Wednesday, 16 June 2010

Soap and pH - Recovery time

Yesterday we learned that between the pH range of 4-9, hair really does not show any surface or internal changes. Now we focus on the surface and chemical changes that may occur.

Note: Hair is known to have a slightly acidic pH but there is great variance among individuals. Scientific studies have reported values as low as 3 and others as high as 6.6.

Q1: After using soap, does the pH of hair change?

The most likely answer is yes. I could not find an answer directly about hair but I did find one on skin. Even washing with water produces a change in pH, however soap does produce the most change (Dermatology pp258-262, 1997)


Wash Product
Product pH
pH change to skin
Tap water 7.9 +0.198
Synthetic detergent 1 5.5 +0.294
Synthetic detergent 2 5.5 +0.291
Soap 9.5 +0.453

Q2: How long does it take skin/hair to 'recover' from alkaline pH

Anywhere from 45 minutes to 3 hours (British Journal of Dermatology, Volume 76, Issue 3, pp 122-125, 1949)

Q3: Does pH affect anything else (hint: bacteria and fungi)

Yes washing regularly and repeatedly with soap is thought to disrupt the normal flora of the skin. (In case you didn't know, we are crawling with bacteria and this is normal). Disruption of this bacteria can lead some to proliferate more than others (Acta Derm Venereol.;67(1):41-7, 1987). Please do note that this has to be regular and repeated (for example twice a day, every day).

Q4: Are castile soap or baking soda with an alkaline pH irritating?

Let me start by saying the normal test to look for sensitive skin is to use SLS, a superb surfactant. Regardless of pH, (which it can be made to pH 4-7) it can be very irritating. Do remember irritance comes from removal of the oil layer causing dryness and itchiness. 

There is however a strong relationship between pH and irritancy. Generally between ph 4 and 9, there isn't much irritation (meaning it may still be there but will not be disturbing). Outside this range, irritation can increase markedly (International Journal of Dermatology, pp494–499, 2002)

Depending on the pH of your baking soda mix or castile soap dilution, you may experience irritation.


I will save the juicy questions for last - Tune in tommorow for Q&A: Should you really use castile soap and or baking soda ( including silicone removal and whether pH is sufficient to relax hair).


6 comments:

  1. So is the effect of castile or any other type of soap the same for my scalp and the skin on the rest of my body?

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  2. Sorry for the late response Nina - The effect should be similar but there may be slight differences. The scalp has a barrier - hair - while skin has much less hair in comparison.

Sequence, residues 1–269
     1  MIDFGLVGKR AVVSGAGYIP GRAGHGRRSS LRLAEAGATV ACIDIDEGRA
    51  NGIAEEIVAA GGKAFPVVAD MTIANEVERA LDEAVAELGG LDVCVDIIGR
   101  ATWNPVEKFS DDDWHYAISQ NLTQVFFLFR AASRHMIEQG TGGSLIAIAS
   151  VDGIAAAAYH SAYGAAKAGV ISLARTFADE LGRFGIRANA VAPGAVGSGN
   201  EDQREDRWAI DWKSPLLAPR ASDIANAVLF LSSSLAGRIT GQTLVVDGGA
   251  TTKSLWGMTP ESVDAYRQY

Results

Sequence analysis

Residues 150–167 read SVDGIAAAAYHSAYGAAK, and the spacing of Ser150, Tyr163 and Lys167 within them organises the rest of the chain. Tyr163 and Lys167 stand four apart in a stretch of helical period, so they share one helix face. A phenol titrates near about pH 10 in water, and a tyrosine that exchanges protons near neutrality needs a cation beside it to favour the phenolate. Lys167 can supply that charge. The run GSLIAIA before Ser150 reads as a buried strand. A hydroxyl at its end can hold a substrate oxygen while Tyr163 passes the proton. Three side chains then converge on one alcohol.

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  3. What can I add to Dr Wood's Tea Tree Castile Soap so that it will have a pH of 4 (haven't used it yet, purchasing online now)? I think the pH of my skin might be too high and causing my underarms to have a strong smell. My underarms smell soon after bathing with no deodorant around 45 minutes after. By the way, deodorant with aluminum only works maybe 3 hours. I am attempting to use more natural products so I stopped using Dial Antibacterial Soap (with triclosan) after using it for about 10-15 years.

    Also would aluminum free baking soda and water mixed together make an effective deodorant? Any suggestions on what to add to make it better? I am a 21 year old woman. Please help :( I am embarrassed in public and even around my family because of my smell.

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    Replies
    1. after you bathe at night, dry your body and underarms, then rub your underarms with fresh lime or lemon (just cut off a small wedge so you can use the whole lemon for a while) and let air dry. It will kill the bacteria that eats the sebum produced by your underarms causing the smell. In the morning, bathe again (or simply just re-wash your underarms really well with soap), dry your underarms and rub with lemon again. Continue this process every morning and night until you notice the smell is gone. Then you can try skipping the night time application. I haven't worn deodorant or antiperspirant for years now and suffered a good year with the smell before creating this regimen. In the beginning you will notice the smell decreasing daily. It doesn't sting like you think it would, even after shaving. Good luck! I know its a bit of a late response but I hope it helps you or any other reader!

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    2. Lime or lemon? Interesting :)

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    3. Lemon is what I used since I was a kid. But I guess lime will work as well

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